Second test against England - Boucher gave indication of team

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Dec 30, 2019, 19:47

As far as I can make out of his comments Bavuma is not fully recovered from injury and he indicated that he does not want to throw him under the bus since there was media criticism of Bavuma recently and to play him under those circumstances could eb to the detriment of the player,   


He would prefer that Van der Dussen remains in the team, especially uin view of his seond innings batting in the first test, 


In view of the injury to Markram Pieter Malan would open the batting since he amnd seconds are the nly players with opening batsmen experience.


So the team will be as follows:-


Elgar, Malan, Hamza, Van der Dussen, Du Plessis, De Kock, Pretorius, Philander, Maharaj, Rabada, Nortje


I think there were clear problems identified in the first test,   The two opening batsmen contributed 44 runs in the test and I believe that Malan and Elgar will be no better in the second test,   Even Mozart had a rare lucid interval  and made the statement that we need opening batsmen and that remains a problem.   


Hamza showed some class in he first innings and he does seem to get another chance to prove that he belongs.   Van der Dussen is the better of the present middle order batsmen in the side and he deserves another chance.  


Du Plessis was not up to standard and I believe he will have to be replaced before we will have a more reliable batting line-up.  


One cannot leave out the tenth ranked batsmen De Kock out of the team I assume.  


It may be advisable to have a spinner in the team since the Newlands pitch may be to the advantage of spin bowling especially later on in the test, 


               


    

Dec 31, 2019, 00:00

They’ve picked the wrong Malan as far as I am concerned.

Janneman is a much more promising prospect. And he has age on his side.

Im glad Pieter is getting a chance, it would have really sent the wrong message had they moved RVD up the order and pushed K Petersen into the starting 11.

KG seems to have found some spark. How great a cricketing nation are we that we still manage to field bowlers like Nortje, even with the likes of Abbot and Olivier gone.

Which other country has depth like that? Only Aus would come close.

Dec 31, 2019, 00:04

My starting 11 would be:

Elgar

J Malan

Markram

RVD

F du Plessis

QdK

Pretorius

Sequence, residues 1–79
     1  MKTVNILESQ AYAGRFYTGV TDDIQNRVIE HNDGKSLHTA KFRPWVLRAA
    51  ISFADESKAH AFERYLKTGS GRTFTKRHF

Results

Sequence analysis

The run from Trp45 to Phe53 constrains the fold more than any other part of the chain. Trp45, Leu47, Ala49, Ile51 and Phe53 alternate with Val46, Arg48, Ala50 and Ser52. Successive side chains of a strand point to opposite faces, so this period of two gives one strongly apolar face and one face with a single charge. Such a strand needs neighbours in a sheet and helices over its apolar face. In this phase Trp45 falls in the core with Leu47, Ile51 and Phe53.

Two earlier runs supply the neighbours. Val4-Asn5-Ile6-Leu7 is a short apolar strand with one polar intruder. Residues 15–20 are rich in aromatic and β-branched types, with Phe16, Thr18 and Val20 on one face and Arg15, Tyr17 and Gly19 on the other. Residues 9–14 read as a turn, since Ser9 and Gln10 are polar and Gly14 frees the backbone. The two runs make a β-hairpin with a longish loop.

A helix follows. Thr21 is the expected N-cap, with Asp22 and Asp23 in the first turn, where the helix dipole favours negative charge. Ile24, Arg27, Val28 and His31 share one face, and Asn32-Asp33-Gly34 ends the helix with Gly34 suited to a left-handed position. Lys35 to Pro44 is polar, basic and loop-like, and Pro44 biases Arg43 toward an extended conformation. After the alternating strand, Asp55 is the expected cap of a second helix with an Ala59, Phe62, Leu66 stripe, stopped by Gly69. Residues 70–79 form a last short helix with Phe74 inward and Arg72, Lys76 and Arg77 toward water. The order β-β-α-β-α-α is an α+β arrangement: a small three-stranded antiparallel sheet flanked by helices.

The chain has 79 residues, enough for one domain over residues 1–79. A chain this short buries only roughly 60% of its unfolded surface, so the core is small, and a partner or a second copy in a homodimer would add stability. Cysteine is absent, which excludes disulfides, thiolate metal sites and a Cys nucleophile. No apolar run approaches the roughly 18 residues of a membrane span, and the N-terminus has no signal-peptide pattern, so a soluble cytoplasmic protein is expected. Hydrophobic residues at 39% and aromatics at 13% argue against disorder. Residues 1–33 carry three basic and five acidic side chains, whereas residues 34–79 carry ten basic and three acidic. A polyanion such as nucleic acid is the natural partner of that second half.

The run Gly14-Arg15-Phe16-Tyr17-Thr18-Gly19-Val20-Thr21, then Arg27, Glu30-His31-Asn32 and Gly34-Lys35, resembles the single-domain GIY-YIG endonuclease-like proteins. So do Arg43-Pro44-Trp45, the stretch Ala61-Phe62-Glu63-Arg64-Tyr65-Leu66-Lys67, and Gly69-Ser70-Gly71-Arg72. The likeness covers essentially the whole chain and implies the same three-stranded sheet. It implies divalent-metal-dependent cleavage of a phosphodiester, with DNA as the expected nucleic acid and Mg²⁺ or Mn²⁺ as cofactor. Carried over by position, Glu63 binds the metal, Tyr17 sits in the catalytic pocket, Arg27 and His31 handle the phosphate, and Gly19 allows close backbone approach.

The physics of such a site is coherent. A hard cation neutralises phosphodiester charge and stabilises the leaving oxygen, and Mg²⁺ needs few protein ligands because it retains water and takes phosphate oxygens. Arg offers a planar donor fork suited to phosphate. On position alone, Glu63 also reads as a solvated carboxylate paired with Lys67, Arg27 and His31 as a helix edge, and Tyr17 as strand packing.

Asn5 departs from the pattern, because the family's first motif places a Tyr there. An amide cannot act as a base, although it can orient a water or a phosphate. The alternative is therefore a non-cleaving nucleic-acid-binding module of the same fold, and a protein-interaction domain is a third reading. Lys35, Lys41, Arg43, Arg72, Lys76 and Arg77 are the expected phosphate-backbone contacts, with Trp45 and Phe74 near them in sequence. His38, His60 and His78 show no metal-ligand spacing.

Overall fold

Vern

Maharaj

Rub Harder

Nortje

Dec 31, 2019, 00:06

If all were fit and all were available, including Kolpakkers...

J Malan

Elgar

RVD

Rilee

FdP

QdK

Vern

Harmer

Abbott

Rub Harder

Ngidi

Dec 31, 2019, 00:07

... notice no place for Little Bavuma...

Dec 31, 2019, 00:22

Mike

I got the impression reading through Bouch's comments that even if Bavuma is fit he's not guaranteed a start.......interesting.

Dec 31, 2019, 16:45

Denny

I think the squad selected was for the first two tests only as far as I can remember,  There may be changed in the third test.    I am not sure about Elgar - he seems to be going backwards,   I think there may be some changes coming up like Janneman Malan, Van Tonder and Verreine.  There will be three ODI's and 2 T20I after the test series and I would be surprised if the latter three are not in the squad.      

We need some strong batters to partner De Kock if he is to bat at 6 and we cannot have another 111/5 and 72/4 if we really want to be competitive,

We cannot keep relying on De Kock only to save the innings,  He must have back-up and none of the present openers are coming to the party,   Hamza is not an opening batsman - in the past two test innings he had to come in in the first over,   

Dec 31, 2019, 19:32

Maharaj is much better than Harmer

Markram far better than Malan

It’s pathetic that 30 year old Pieter Malan is in the squad ahead of his 23 year old younger brother Janneman who has a first class average of 53,

Dec 31, 2019, 21:28

Saffex

I've always had a few odd theories regarding batting order. Ja, I know, the conventional wisdom is to give your best guys the most time at the wicket.